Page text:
1. Department/Program-Based Pedagogy Fellows. Graduate students who are enrolled in one of the 23 departments and programs that participate in the Pedagogy Fellows Program may apply to be appointed the Pedagogy Fellow in their department or program (e.g. Pedagogy Fellow in History, Pedagogy Fellow in Statistics, etc.). Applications for these positions will be forwarded to the departments for review before the Bok Center conducts interviews. Consult the full job description for Department/Program-Based Pedagogy Fellows.

    Meet the Current Fellows
    The application for the 2020-2021 cohort opens Monday, December 2.

  2. Bok Pedagogy Fellows. Graduate students enrolled in any GSAS department or program may apply to be a Bok Pedagogy Fellow. These fellows are hired directly by the Bok Center to work across a range of disciplines.  Consult the full job description for Bok Center-Based Pedagogy Fellows.

Meet the Current Fellows
The application for the 2020-2021 cohort opens Monday, December 2.

Contact Rebecca Miller Brown with Queries

Learning Lab Fellows

  1. Learning Lab Graduate Fellows. GSAS students with teaching experience and a willingness to explore unconventional modes of communicating, making, and creating in the classroom may apply for a year-long position. Graduate fellows are paid hourly and have flexible schedules, but are expected to work an average of 10 hours per week, or the equivalent of one section, at the Learning Lab. Consult the full job description for Learning Lab Graduate Fellows.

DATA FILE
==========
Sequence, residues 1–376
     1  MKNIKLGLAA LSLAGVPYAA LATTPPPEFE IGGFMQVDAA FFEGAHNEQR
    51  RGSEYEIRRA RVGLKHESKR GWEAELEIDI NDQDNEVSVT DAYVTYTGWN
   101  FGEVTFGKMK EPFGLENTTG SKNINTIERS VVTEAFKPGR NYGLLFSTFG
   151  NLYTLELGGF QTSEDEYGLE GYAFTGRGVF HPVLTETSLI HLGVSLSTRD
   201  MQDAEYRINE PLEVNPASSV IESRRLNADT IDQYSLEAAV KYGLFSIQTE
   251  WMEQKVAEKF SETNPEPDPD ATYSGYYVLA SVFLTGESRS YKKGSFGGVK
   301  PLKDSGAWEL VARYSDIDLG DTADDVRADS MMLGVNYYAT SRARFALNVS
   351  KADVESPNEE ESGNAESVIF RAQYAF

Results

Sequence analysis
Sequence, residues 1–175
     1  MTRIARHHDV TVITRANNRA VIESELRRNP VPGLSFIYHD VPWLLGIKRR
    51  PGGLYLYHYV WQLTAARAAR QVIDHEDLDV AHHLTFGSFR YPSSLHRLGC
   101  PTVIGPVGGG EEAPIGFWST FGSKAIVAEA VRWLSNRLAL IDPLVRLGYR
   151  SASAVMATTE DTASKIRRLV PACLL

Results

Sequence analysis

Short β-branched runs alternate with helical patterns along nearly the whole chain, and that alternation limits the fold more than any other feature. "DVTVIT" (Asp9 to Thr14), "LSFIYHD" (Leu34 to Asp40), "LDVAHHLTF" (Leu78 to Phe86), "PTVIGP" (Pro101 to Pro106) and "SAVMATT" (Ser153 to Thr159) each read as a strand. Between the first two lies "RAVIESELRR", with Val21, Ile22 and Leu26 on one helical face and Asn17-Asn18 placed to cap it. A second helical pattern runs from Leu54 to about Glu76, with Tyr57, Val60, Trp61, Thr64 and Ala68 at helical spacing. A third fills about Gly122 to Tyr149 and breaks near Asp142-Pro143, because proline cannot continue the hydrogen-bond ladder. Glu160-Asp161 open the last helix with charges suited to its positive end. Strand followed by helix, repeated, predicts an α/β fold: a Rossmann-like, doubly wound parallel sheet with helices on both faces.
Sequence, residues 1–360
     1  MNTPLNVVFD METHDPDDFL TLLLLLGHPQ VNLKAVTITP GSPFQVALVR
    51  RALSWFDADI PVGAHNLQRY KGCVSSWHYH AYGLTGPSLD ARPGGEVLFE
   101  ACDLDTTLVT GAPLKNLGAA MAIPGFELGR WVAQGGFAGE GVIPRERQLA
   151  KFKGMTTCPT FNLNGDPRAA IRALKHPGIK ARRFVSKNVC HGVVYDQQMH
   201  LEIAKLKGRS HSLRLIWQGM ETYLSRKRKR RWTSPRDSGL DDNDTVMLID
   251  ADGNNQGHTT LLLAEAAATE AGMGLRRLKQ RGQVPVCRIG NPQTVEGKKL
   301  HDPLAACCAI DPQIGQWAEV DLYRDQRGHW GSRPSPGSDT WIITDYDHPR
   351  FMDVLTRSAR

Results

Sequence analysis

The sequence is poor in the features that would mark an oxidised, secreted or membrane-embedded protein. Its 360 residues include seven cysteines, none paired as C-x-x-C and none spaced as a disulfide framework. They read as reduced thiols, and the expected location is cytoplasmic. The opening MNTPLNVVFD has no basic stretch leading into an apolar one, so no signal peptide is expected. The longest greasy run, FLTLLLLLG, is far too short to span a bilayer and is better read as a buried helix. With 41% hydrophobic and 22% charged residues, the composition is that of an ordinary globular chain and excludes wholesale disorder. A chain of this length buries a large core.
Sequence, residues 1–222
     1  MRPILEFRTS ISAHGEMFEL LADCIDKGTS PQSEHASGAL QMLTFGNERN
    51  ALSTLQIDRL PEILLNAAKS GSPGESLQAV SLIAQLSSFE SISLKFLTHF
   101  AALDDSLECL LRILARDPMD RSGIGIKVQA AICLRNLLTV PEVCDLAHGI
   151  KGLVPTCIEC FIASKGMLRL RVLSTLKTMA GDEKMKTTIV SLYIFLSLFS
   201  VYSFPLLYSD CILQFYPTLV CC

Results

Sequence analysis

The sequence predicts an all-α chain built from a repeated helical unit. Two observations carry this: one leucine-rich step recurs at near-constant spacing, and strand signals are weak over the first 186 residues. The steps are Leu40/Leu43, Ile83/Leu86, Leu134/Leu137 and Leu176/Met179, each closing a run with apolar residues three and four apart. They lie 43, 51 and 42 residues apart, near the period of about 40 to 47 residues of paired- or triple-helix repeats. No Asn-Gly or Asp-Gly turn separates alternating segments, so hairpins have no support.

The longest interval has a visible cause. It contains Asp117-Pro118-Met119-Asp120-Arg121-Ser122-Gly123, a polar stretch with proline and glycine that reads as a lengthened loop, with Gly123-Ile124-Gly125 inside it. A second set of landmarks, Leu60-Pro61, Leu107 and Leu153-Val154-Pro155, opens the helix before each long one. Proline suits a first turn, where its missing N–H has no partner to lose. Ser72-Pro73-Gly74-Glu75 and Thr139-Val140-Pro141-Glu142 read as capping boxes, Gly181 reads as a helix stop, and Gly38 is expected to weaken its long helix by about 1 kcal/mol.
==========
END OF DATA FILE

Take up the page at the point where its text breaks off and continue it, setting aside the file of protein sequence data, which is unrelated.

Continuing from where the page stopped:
Meet the Current Fellows

    Apply (deadline: Friday, May 10. Thereafter applications will be considered if spaces remain)

  2. Learning Lab Media Fellows. The Learning Lab hires graduate students and members of the Harvard community to support courses and special projects via their media skills, including videography, photography, coding, speaking, performance, curation, and game design, among others. Media Fellows are paid hourly and hired on a rolling basis. Consult the full job description for Learning Lab Media Fellows.

Meet the Current Fellows

Apply (deadline: rolling)

Contact Lauren Davidson with Queries

K-12 Outreach Opportunities

Graduate students and postdoctoral fellows in the sciences can share their passion for discovery with K-12 students through a variety of programs.  Click here to apply to any of the following outreach activities:

  • Communicate your research to high school biology teachers and lead workshops that further their content knowledge and give them new data or tools to bring into their classrooms.
  • Be a Teaching Fellow for visiting high school biology classes on campus.     
  • Be a semester-long teacher for Allston-Brighton high school students, meeting weekly with the students to teach lab skills that will enable them to be placed in summer lab apprenticeships.    
  • Mentor a high school student in your life sciences-based laboratory for 6 weeks in the summer as part of our Lab Skills Workforce Apprentice program.  This program is supported by and uses curriculum from the Amgen Biotech Experience.